To taste your charming lips, I've a cu-ri-os-i-ty."
(Said the Fly,) "If once our lips did meet, a wager I would lay,
Of ten to one you would not after let them come away."
"Will you walk in, pretty Fly?"

"If you won't kiss, will you shake hands? (says the Spider to the Fly)
Before you leave me to myself, with sorrow sad to sigh."
(Says the Fly,) "There's nothing handsome unto you belongs.
I declare you should not touch me, even with a pair of tongs."
"Will you walk in, pretty Fly?"

"What handsome wings you've got! (says the Spider to the Fly)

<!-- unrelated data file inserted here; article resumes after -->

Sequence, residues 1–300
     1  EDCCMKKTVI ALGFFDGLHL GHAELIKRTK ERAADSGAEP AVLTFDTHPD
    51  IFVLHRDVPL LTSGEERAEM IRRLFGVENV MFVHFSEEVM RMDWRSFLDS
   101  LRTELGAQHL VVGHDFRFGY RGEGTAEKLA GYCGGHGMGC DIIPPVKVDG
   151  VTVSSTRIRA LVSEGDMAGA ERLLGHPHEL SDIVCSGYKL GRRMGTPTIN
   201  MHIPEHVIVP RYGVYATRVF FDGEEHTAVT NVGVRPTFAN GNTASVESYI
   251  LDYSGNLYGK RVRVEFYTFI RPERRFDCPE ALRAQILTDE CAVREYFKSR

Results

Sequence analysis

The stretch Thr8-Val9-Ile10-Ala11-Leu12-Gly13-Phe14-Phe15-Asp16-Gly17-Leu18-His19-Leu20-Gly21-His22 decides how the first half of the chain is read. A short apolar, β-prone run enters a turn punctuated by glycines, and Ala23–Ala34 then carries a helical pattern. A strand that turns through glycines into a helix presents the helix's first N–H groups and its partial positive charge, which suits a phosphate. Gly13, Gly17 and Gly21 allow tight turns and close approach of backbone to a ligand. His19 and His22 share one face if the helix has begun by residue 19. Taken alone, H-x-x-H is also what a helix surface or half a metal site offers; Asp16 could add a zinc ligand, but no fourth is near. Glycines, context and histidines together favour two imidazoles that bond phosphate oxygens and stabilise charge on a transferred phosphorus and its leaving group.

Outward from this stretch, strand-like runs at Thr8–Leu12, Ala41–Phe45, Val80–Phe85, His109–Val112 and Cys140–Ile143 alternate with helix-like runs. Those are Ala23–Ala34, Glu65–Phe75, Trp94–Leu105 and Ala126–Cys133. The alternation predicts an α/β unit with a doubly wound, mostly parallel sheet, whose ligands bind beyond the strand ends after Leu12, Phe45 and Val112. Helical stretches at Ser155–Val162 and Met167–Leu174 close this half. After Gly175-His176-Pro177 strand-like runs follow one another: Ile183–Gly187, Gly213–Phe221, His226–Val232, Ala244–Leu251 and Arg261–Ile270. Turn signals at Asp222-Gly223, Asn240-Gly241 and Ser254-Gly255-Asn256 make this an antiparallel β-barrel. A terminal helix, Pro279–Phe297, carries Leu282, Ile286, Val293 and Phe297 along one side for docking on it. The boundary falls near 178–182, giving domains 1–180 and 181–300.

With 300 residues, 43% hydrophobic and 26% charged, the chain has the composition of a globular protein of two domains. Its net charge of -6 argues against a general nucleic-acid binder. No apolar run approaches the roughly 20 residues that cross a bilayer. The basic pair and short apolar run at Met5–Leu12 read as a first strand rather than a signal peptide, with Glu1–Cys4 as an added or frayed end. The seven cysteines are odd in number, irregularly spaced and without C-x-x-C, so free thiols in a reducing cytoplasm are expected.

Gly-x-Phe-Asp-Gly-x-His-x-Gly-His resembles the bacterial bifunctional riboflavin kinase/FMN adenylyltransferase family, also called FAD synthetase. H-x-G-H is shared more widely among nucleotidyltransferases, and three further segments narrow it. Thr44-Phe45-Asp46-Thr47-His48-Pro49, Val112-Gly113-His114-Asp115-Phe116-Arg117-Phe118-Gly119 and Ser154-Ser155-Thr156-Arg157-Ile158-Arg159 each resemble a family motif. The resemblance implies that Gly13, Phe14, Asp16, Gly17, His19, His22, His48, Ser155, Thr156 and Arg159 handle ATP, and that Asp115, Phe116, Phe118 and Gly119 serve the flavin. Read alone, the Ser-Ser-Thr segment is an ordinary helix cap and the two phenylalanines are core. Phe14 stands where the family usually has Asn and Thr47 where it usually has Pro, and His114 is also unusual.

If I had got such a pair, I in the air would fly.
'Tis useless all my wishing, and only idle talk.
You can fly up in the air, while I'm obliged to walk.
Will you walk in, pretty Fly?

"For the last time now I ask you, will you walk in, Mr. Fly?"
"No, if I do may I be shot. I'm off, so now goodbye."
Then up he springs, but both his wings were in the web caught fast.
The Spider laugh'd, "Ha, ha, my boy, I have you safe at last.
Will you walk out, pretty Fly?

"And pray how are you now? (says the Spider to the Fly)
You fools will never wisdom get, unless you dearly buy.
'Tis vanity that ever makes repentance come too late,
And you who into cobwebs run, surely deserve your fate.
Listen to me, listen to me, foolish Fly."

MORAL. Now all young men take warning by this foolish little Fly.
Pleasure is the Spider, that to catch you fast will try;
For altho' you may think that my advice is quite a bore,
You're lost if you stand parleying outside of Pleasure's door.
Remember, oh remember the foolish little Fly.